Luke 24: 1-12
April 21, 2019; Easter
The women go to the tomb with spices, the stone is already rolled away, and suddenly two men in dazzling clothes show up, say “Jesus is not here, but has risen,” and the women blunder off to tell the apostles “all this.”
The men regard the women’s talk as—it’s usually translated “an idle tale” or “nonsense.” But that Greek word—leros—is really strong language. Some translators like to outdo each other trying to get across the full impact of the Greek. I’ve seen it translated as: folly, wild talk, hysterical nonsense, BS. The Greek phrase really does warrant a swear word.
The bottom line is that the women sound ridiculous. And it’s no wonder. I mean who could expect this story to make sense? Sure, we think it makes sense to us because it’s written in nice grammatical language and we read it every year. But it’s a crazy story. And it’s no wonder that the apostles thought the women weren’t making any sense.
How could their story not have sounded like utter nonsense?
I wonder if we make any more sense today trying to talk about this resurrection event. I can tell you that it’s daunting to have to talk about it every year in front of you all; to have you looking at me, expecting me to say something meaningful about this central story of our faith. It’s kind of terrifying actually.
This week I was struggling through an essay on this passage that was written in Spanish and I came across a word I didn’t know: acontacimiento. I skipped over it once, but there it was again. So I looked it up. I’m not sure what I expected—some English word as beautiful and complicated as its Spanish counterpart: acontacimiento. So I was disappointed when I found out it just means “event.” So many undulating syllables for such a little, plain word: “event.” The Spanish seemed unnecessarily showy.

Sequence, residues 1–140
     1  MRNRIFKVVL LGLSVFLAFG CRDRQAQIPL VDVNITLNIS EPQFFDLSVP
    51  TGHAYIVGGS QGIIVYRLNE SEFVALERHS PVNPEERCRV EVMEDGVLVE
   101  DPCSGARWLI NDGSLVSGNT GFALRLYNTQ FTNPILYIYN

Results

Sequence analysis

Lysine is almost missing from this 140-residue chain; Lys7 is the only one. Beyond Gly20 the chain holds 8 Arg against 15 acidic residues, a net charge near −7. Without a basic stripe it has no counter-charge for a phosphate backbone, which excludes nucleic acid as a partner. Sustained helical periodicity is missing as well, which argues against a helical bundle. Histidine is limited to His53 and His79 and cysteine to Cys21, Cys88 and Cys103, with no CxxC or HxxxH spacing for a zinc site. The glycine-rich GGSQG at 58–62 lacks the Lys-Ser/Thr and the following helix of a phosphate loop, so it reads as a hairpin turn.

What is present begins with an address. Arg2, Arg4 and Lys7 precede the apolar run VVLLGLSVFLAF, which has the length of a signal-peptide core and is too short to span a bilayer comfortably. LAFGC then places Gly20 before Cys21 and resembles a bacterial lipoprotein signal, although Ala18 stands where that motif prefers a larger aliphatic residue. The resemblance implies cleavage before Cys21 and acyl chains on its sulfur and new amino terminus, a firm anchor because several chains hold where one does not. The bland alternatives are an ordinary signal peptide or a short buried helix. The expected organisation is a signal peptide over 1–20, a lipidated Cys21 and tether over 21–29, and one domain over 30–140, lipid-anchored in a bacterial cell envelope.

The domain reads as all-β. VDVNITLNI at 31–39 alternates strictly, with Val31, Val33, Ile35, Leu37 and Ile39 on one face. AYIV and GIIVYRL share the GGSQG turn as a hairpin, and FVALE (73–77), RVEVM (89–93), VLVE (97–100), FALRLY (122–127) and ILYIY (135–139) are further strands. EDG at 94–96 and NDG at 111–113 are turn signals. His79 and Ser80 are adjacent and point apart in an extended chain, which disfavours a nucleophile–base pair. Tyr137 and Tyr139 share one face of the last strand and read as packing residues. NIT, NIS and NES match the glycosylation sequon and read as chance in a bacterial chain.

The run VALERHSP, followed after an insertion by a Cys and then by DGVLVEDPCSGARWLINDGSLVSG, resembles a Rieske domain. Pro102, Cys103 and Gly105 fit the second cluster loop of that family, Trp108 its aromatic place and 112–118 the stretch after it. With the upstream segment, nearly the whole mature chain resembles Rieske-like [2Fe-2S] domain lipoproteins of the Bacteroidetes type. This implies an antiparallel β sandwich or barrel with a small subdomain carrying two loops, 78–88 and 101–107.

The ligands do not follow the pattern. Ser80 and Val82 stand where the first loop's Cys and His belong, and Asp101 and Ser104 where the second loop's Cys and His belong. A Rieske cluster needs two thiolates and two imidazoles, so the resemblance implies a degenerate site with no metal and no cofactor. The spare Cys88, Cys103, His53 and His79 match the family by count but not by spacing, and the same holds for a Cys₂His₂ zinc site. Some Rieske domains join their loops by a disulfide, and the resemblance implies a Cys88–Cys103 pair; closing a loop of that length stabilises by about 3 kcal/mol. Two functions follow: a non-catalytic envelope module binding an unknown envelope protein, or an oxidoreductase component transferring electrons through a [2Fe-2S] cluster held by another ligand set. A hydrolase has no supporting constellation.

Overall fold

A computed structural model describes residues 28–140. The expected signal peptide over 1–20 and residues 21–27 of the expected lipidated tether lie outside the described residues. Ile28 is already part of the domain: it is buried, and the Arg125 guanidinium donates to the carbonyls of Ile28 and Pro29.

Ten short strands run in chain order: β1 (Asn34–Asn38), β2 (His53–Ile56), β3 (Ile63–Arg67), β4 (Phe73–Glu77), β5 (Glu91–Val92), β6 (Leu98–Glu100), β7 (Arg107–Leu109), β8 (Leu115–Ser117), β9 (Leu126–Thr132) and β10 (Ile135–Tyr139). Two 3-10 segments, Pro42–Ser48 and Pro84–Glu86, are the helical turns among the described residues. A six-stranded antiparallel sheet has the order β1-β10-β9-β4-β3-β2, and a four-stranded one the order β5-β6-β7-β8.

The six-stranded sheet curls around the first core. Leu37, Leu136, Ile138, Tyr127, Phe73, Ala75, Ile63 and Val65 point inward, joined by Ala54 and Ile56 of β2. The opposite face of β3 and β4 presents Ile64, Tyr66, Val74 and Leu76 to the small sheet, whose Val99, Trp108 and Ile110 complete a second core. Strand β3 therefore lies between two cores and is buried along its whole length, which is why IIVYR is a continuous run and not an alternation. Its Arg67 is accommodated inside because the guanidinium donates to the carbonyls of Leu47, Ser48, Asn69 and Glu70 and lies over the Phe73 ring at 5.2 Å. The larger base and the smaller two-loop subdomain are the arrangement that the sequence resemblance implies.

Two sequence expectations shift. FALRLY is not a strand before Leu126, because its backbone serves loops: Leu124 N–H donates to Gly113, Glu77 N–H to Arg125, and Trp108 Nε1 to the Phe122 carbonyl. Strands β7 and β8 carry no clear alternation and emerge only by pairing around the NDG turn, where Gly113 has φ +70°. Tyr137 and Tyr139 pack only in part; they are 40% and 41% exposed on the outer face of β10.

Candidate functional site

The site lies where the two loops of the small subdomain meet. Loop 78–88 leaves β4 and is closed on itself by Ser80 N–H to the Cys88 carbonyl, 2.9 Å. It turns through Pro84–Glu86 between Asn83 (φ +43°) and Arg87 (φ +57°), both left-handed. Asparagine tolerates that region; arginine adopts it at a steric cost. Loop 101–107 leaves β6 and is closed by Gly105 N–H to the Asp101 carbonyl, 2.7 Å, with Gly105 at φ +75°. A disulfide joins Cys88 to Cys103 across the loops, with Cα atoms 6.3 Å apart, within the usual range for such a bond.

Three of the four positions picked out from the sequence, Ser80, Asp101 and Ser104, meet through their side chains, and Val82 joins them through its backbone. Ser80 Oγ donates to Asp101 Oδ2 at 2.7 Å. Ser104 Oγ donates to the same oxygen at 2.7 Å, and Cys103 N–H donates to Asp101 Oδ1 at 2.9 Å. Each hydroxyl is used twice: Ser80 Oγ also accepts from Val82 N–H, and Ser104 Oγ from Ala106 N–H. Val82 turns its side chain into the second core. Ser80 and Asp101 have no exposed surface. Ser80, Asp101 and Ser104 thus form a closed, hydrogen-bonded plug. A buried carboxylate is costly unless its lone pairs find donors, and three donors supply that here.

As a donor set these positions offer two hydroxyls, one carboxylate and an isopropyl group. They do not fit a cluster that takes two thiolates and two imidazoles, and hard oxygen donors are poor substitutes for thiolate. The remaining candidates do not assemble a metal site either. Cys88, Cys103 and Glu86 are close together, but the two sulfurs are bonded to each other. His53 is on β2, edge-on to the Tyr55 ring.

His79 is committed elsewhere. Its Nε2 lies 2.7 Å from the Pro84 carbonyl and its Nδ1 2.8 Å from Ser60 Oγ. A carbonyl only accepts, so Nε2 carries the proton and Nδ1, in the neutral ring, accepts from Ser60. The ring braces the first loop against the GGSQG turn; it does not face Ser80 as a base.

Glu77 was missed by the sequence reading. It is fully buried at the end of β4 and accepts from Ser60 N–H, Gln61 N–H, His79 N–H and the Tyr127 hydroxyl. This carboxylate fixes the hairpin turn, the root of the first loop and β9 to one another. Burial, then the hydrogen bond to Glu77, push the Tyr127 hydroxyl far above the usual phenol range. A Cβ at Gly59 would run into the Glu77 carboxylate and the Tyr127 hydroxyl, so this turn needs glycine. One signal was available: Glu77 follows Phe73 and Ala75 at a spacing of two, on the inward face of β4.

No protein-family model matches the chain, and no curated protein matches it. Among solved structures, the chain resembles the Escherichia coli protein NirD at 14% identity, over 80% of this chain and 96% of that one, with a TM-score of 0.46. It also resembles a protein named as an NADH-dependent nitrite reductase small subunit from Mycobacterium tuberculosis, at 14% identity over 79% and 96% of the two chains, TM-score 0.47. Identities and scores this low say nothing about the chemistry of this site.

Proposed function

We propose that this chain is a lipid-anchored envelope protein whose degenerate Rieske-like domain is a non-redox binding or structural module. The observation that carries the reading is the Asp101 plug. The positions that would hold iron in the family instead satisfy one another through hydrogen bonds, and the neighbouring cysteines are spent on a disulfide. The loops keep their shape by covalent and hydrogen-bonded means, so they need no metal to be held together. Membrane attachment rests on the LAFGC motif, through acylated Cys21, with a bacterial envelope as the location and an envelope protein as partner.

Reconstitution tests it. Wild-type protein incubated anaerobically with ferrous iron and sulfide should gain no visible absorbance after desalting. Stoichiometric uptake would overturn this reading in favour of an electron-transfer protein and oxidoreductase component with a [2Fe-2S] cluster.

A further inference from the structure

Except that when I started working on this sermon I found myself wishing that we English speakers had a better word than “event.” I mean, I’m supposed to talk to you this morning about the “Easter event.” That label is too blunt. Too matter of fact. Too brief. Too prosaic and normal. I would much rather talk about “el acontacimiento de la Pascua de Resurrección.” Now that takes some time and effort to get off of your tongue. As it should. You know that, whatever “el acontacimiento” is, it’s something special.
So I’ll admit, I covet my Spanish-speaking clergy siblings their rolling r’s and luxurious vowels this morning. All of us preachers are struggling to explain the Easter event without it sounding like wild talk and utter nonsense. But I somehow imagine it all sounds a little more respectable and holy in Spanish.
Yet, I’m sure that, even in Spanish, I still wouldn’t be able to capture the true meaning. Even a phrase as beautiful as “el acontacimiento de la Pascua de Resurrección” doesn’t come close to the beauty of the event itself. Mary and Joanna and Mary couldn’t adequately explain it on the first Easter Sunday, and we can’t fully capture its meaning today.
But we try, don’t we?
“Resurrection”—that’s what we call this event. That’s what we say happened to Jesus. That’s what we say caused the empty tomb. The Easter event is the basis, the grounding of our faith. “Resurrection” is the word we have to explain it.
But I’ve heard the word “resurrection” this week in a couple of contexts that have nothing to do with Jesus. Perhaps you’ve heard? Tiger Woods’ golf career has been resurrected because he won the Masters—the biggest sports comeback of all time, apparently. So they say. It’s a resurrection.
Maybe you’ve also seen the hopeful headlines emerging from the tragic fire at Notre Dame: the cathedral will rise from the ashes; it will be resurrected.